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The Lord's Prayer for Unity.

The most remarkable feature of this wonderful portion of the word of God is the Lord's prayer for those who would believe upon him in the coming ages. It seems as if the very climax of earnestness is reached when he travails in soul for the saints who in after times, should be gathered to him from out of the world by the preaching of the gospel. Such a prayer uttered with such heartfelt fervency, right at the foot of the cross, should have a pre-eminent sacredness for every believer in every age; in other words, for every subject of the prayer, and no one upon whose heart rests the petition that came from the Savior's heart can refuse to do all in his power to secure the results for which the Master prayed. Indeed, one who could harbor a thought in opposition to that for which the Lord travails in soul, certainly has some other spirit rather than that of Christ.

There is just one thought in this petition and that one thought is the unity 258of his people. Am analysis of the petition in their behalf will show how this burden rested upon his soul. He prays (1) “That they all may be one;” (2) “As thou, Father, art in me, and I in thee, that they may also be one in us;” (3) He prays for the oneness “that the world may believe that thou hast sent me;” (4) “The glory which thou gavest me I have given them that they may be one, as we are one;” (5) “I in them, and thou in me, that they may be perfect in one, even as we are one.” Four times the petition goes to the Father for their oneness, such unity as that of the Son and the Father, and as this divine unity is secured by a reciprocal indwelling, so he asks that believers may be in him and that he may dwell in them by the Holy Spirit, in order that they may keep the unity of the Spirit in the bond of peace. Hence, as the Father hath given him glory, he imparts the same glory to them that they may be one. Finally he asks for this oneness because without it the world will not be brought to the faith.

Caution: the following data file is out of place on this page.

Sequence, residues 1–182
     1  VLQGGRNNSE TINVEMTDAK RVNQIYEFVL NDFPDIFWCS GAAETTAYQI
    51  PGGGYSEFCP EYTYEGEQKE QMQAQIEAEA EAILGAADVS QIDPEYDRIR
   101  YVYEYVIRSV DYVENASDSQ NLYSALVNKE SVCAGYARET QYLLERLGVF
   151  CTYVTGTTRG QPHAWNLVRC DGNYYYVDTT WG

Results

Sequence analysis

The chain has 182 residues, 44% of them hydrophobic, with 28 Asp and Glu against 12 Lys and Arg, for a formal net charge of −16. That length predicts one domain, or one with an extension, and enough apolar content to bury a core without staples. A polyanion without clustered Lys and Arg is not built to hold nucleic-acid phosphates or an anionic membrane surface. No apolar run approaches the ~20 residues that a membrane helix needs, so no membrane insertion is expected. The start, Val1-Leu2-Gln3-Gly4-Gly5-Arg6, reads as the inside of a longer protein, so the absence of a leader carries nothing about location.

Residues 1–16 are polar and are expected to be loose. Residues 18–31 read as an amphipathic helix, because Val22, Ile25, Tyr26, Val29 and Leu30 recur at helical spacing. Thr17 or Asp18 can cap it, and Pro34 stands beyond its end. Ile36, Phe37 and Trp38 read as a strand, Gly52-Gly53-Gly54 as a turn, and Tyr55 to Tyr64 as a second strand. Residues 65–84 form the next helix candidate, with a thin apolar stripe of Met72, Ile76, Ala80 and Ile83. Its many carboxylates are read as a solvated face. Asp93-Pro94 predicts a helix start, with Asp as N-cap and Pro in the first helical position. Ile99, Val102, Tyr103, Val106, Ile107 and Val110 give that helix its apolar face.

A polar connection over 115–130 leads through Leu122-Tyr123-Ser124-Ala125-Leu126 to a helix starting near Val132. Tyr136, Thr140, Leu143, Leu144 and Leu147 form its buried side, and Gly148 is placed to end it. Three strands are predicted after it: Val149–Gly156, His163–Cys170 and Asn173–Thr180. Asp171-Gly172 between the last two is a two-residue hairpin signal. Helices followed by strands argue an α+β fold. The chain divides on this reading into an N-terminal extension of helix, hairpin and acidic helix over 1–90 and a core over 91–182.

No true disciple can appropriate this prayer without the deep conviction that all that hinders the “oneness” prayed for, is sinful, in disobedience to the will of both the Father and the Son, and calculated to defeat the object of Christ's coming into the world. What opposes this oneness is Anti-christ. It becomes him, therefore, to ascertain what this petition really asks for and to see that his own course is in harmony with the Lord's will, as revealed in the prayer. While the word church is not named, all concede that in praying for the unity of believers the Lord prays for the unity of the body into which believers are gathered. It will aid in ascertaining his meaning to see the characteristics of the early church in which we know that he dwelt by his Spirit. Its history tells that “the multitude of them that believed were of one heart and soul” (Acts 4:32), and that “walking in the fear of the Lord and the comfort of the Holy Spirit they were multiplied” (Acts 9:31). Here, then, was oneness, oneness of heart and soul in one body, and the result is that the world believed upon Christ, and the believers were multiplied. These early Christians fulfilled the conditions of the Savior's prayer and the results in behalf of which he prayed, followed.

These believers, though in a few years counted by tens of thousands, composed of Jews and Gentiles, bond and free, and scattered through western Asia and southern Europe, were only one body, and the different members of this body were bound to each other by the most indissoluble ties. A favorite figure of Paul is the likeness of the church to the human body, which is composed of various members but all with one life, interest and mutual dependence upon each other. No less than twelve times be speaks of the church as the body of which Christ is the Head, often emphasizing the fact that there is but one body. “In one Spirit ye are baptized into one body and all partake of one spirit” (1 Cor. 12:13). Taking Jews and Gentiles Christ “makes in himself of two one new man, so making peace, that he might reconcile both to God in one body” (Eph. 2:15, 16). In the apostolic age there was no thought of bodies of Christians. The church was a unit. All the figures point to its unity. There is one kingdom; the Lord says, “I will build my church;” he is the Bridegroom and the church is the bride; “there is one fold, and one shepherd; the “one loaf” on the Lord's table Paul tells us represents the “one body;” there is one Head even as there is one body, and